In July, 2010, Fujifilm announced a compact camera, the F300EXR, which included a hybrid autofocus system consisting of both phase-detection and contrast-based elements. The sensors implementing the phase-detection AF in this camera are integrated into the camera's Super CCD EXR. Currently it is used by Fujifilm FinePix Series, Fujifilm X100S, Ricoh, Nikon 1 series, Canon EOS 650D/Rebel T4i and Samsung NX300.
Active systems will typically not focus through windows, since sound waves and infrared light are reflected by the glass. With passive systems this will generally not be a problem, unless the window is stained. Accuracy of active autofocus systems is often considerably less than that of passive systems.
Active systems may also fail to focus a subject that is very close to the camera (e.g., macro photography).
Passive systems may not find focus when the contrast is low, notably on large single-colored surfaces (walls, blue sky, etc.) or in low-light conditions. Passive systems are dependent on a certain degree of illumination to the subject (whether natural or otherwise), while active systems may focus correctly even in total darkness when necessary. Some cameras and external flash units have a special low-level illumination mode (usually orange/red light) which can be activated during auto-focus operation to allow the camera to focus.
A method variously referred to as trap focus, focus trap, or catch-in-focus uses autofocus to take a shot when a subject moves into the focal plane (at the relevant focal point); this can be used to get a focused shot of a rapidly moving object, particularly in sports or wildlife photography, or alternatively to set a "trap" so that a shot can automatically be taken without a person present. This is done by using AF to detect but not set focus – using manual focus to set focus (or switching to manual after focus has been set) but then using focus priority to detect focus and only release the shutter when an object is in focus. The technique works by choosing the focus adjustment (turning AF off), then setting the shooting mode to "Single" (AF-S), or more specifically focus priority, then depressing the shutter – when the subject moves into focus, the AF detects this (though it does not change the focus), and a shot is taken.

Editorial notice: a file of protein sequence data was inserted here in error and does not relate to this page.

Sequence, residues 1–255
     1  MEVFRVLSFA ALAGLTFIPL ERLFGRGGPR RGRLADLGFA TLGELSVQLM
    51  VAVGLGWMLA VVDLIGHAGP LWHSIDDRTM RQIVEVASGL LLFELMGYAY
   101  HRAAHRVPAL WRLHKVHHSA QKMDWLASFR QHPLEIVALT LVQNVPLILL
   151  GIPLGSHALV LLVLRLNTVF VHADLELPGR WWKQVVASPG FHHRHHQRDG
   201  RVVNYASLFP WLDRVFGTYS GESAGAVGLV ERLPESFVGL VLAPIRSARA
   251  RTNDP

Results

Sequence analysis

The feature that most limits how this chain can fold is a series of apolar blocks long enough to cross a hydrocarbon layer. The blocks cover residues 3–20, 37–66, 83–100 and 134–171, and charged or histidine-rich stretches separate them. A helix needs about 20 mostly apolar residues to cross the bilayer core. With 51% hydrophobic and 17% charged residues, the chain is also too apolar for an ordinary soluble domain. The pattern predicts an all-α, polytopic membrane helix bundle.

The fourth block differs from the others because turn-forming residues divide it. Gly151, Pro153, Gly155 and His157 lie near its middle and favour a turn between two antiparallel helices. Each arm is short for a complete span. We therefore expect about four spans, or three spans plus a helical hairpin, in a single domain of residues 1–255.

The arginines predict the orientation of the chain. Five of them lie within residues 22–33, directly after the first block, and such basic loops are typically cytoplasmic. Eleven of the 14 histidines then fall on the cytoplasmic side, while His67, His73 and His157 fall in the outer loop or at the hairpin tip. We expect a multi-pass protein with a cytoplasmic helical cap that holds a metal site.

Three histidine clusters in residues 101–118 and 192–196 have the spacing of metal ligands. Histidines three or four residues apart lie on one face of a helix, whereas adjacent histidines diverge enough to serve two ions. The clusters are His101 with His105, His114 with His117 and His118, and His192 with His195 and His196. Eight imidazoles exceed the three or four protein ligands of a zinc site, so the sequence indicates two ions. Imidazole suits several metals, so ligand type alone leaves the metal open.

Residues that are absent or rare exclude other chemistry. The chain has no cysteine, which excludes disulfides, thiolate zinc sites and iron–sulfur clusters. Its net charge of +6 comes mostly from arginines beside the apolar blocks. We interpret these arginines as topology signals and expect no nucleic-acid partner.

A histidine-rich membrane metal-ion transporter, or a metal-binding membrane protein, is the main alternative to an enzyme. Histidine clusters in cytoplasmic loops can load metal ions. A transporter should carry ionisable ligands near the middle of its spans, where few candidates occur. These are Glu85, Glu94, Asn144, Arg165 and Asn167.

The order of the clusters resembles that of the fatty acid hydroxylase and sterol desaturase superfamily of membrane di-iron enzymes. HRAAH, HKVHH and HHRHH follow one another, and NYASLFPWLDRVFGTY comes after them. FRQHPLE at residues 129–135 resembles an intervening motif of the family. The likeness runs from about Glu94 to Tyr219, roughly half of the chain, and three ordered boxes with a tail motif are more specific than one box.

The first SLR to implement trap focusing was the Yashica 230 AF. Trap focus is also possible on some Pentax (e.g. K-x and K-5), Nikon, and Canon EOS cameras. The EOS 1D can do it using software on an attached computer, whereas cameras like the EOS 40D and 7D have a custom function (III-1 and III-4 respectively) which can stop the camera trying to focus after it fails. On EOS cameras without genuine trap focus, a hack called "almost trap focus" can be used, which achieves some of the effects of trap focus. By using the custom firmware Magic Lantern, some Canon DSLRs can perform trap focus.
AI Servo is an autofocus mode found on Canon SLR cameras. The same principle is used by other brands such as Nikon, Sony, and Pentax, called "continuous focus" (AF-C). Also referred to as focus tracking, it is used to track a subject as it moves around the frame, or toward and away from the camera. When in use, the lens will constantly maintain its focus on the subject, hence it is commonly used for sports and action photography. AI refers to artificial intelligence: algorithms that constantly predict where a subject is about to be based on its speed and acceleration data from the autofocus sensor.
Modern autofocus is done through one of two mechanisms; either a motor in the camera body and gears in the lens ("screw drive") or through electronic transmission of the drive instruction through contacts in the mount plate to a motor in the lens. Lens-based motors can be of a number of different types, but are often ultrasonic motors or stepper motors.
Some camera bodies, including all Canon EOS bodies and the more budget-oriented among Nikon's DX models, do not include an autofocus motor and therefore cannot autofocus with lenses that lack an inbuilt motor. Some lenses, such as Pentax' DA* designated models, although normally using an inbuilt motor, can fall back to screwdrive operation when the camera body does not support the necessary contact pins.